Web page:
"They [Ferrari] clearly have a stable car at the moment," he added.

"It just looks good for them, they have had very few problems as well. We will see next week who is fastest, but so far, they have had a very good test.

"The last two years weren't great for them, so you automatically start looking at this season a bit earlier than some of the other teams. It's more than normal that they started earlier than us on the 2022 car and that's okay as well.

"In the end, with these new cars, the development rate during the season is the most important thing."

Lewis Hamilton claims he is not expecting to be competing for victories at the start of the new Formula One season after experiencing difficulties during testing.

Neither Hamilton, who has won the drivers' championship a joint-record seven times, nor new Mercedes team-mate George Russell were among the fastest drivers on the final day of pre-season testing in Bahrain, as Max Verstappen topped the timesheets.

With Red Bull's defending champion faring well just a week before the Bahrain Grand Prix opens the campaign, Hamilton suggested he is not holding out much hope of a strong start, with Mercedes experiencing performance issues with their new W13 car.

"I'm sure everyone can figure it out, we're not the quickest at the moment," Hamilton told a news conference on Saturday.

"Ferrari looks to be the quickest and perhaps Red Bull, and then maybe us or McLaren. I don't know, but we're certainly not at the top.

"Obviously it's a little bit too early to get into [hopes of winning the drivers' championship] or have those kinds of thoughts, but at the moment I don't think we'll be competing for wins.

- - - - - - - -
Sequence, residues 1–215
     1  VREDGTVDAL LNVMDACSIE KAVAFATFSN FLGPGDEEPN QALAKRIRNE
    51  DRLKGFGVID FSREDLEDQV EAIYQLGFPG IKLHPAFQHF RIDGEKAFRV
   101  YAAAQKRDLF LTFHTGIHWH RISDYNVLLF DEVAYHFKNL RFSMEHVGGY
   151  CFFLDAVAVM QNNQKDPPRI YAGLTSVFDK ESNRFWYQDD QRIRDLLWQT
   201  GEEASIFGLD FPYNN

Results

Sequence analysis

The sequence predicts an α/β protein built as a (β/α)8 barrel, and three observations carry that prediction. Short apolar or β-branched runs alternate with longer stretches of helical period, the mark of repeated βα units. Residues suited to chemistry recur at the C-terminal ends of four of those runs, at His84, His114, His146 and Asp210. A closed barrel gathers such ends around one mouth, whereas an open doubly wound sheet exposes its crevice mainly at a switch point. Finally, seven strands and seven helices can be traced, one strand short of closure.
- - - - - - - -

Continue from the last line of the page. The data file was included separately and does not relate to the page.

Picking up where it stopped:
"But there is potential within our car to get us there. We've just got to learn to extract it and fix some of the problems. 

"That's what we are working on and everyone is doing an incredible job back at the factory working as hard as they can, but we have some hurdles to overcome."

Hamilton, who won 2021's season opener in Bahrain, also denied he was deliberately playing down expectations to hide the car's true strength. 

"Obviously next week we'll get a much better showing of our pace, but I think people will be surprised," he explained.

"People keep saying that we keep talking ourselves down, but it's a bit different this year. It feels a lot different. It's not as good, I don't think it's going to look as it did last year with the difficult session we had in testing and then switch over [to win] the race.

"I think we have far bigger challenges this time and they are not one-week turnarounds; they'll take a little bit longer. But, from what I told, we have a considerable amount of pace to find."

"At the moment the performance isn't there," the 24-year-old said.

"We are a step behind our rivals, and we do have a lot of work to do between now and next week to understand, because in every condition the Red Bull and the Ferrari seem a step ahead of us.

"I don't think they're exceptional, I think we're probably not as competitive as we would like.

"[But] I believe the guys are going get to the bottom of it. There is potential there, we just need to figure out a way to unlock that performance."

Max Verstappen has played down projections on Red Bull's pace, heading into next weekend's Formula One season opener in Bahrain.

The reigning world champion set the fastest time during the final pre-season test at Sakhir - where next week's opener will also be held - almost a full seven tenths quicker than Ferrari's Charles Leclerc in second, and nearly a second quicker than Alpine's Fernando Alonso in third.

However, the 24-year-old asserted Red Bull were more concerned with gathering tyre data at the test than lighting up the timesheets.